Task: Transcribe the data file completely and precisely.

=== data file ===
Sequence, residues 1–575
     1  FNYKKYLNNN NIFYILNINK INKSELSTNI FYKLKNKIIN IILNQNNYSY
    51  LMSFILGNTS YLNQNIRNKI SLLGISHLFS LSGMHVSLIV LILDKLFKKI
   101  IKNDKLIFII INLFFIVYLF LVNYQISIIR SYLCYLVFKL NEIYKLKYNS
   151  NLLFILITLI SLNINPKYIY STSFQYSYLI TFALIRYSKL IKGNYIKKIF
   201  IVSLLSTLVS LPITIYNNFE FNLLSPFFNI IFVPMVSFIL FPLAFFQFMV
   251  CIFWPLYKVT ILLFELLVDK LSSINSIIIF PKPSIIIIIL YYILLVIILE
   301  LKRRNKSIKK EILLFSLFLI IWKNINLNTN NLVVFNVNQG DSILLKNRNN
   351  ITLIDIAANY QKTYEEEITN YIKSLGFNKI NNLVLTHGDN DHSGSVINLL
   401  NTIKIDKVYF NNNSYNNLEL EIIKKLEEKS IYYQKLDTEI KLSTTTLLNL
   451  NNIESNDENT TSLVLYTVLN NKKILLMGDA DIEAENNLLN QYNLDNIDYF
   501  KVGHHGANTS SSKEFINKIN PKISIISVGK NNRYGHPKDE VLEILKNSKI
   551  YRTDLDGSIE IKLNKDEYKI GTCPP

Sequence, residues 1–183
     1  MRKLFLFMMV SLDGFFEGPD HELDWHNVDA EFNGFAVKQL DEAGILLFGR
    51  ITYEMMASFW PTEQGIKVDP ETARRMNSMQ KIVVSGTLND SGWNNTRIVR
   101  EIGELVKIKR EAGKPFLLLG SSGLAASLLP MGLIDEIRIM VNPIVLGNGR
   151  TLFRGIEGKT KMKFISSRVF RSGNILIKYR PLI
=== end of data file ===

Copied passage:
Sequence, residues 1–575
     1  FNYKKYLNNN NIFYILNINK INKSELSTNI FYKLKNKIIN IILNQNNYSY
    51  LMSFILGNTS YLNQNIRNKI SLLGISHLFS LSGMHVSLIV LILDKLFKKI
   101  IKNDKLIFII INLFFIVYLF LVNYQISIIR SYLCYLVFKL NEIYKLKYNS
   151  NLLFILITLI SLNINPKYIY STSFQYSYLI TFALIRYSKL IKGNYIKKIF
   201  IVSLLSTLVS LPITIYNNFE FNLLSPFFNI IFVPMVSFIL FPLAFFQFMV
   251  CIFWPLYKVT ILLFELLVDK LSSINSIIIF PKPSIIIIIL YYILLVIILE
   301  LKRRNKSIKK EILLFSLFLI IWKNINLNTN NLVVFNVNQG DSILLKNRNN
   351  ITLIDIAANY QKTYEEEITN YIKSLGFNKI NNLVLTHGDN DHSGSVINLL
   401  NTIKIDKVYF NNNSYNNLEL EIIKKLEEKS IYYQKLDTEI KLSTTTLLNL
   451  NNIESNDENT TSLVLYTVLN NKKILLMGDA DIEAENNLLN QYNLDNIDYF
   501  KVGHHGANTS SSKEFINKIN PKISIISVGK NNRYGHPKDE VLEILKNSKI
   551  YRTDLDGSIE IKLNKDEYKI GTCPP

Sequence, residues 1–183
     1  MRKLFLFMMV SLDGFFEGPD HELDWHNVDA EFNGFAVKQL DEAGILLFGR
    51  ITYEMMASFW PTEQGIKVDP ETARRMNSMQ KIVVSGTLND SGWNNTRIVR
   101  EIGELVKIKR EAGKPFLLLG SSGLAASLLP MGLIDEIRIM VNPIVLGNGR
   151  TLFRGIEGKT KMKFISSRVF RSGNILIKYR PLI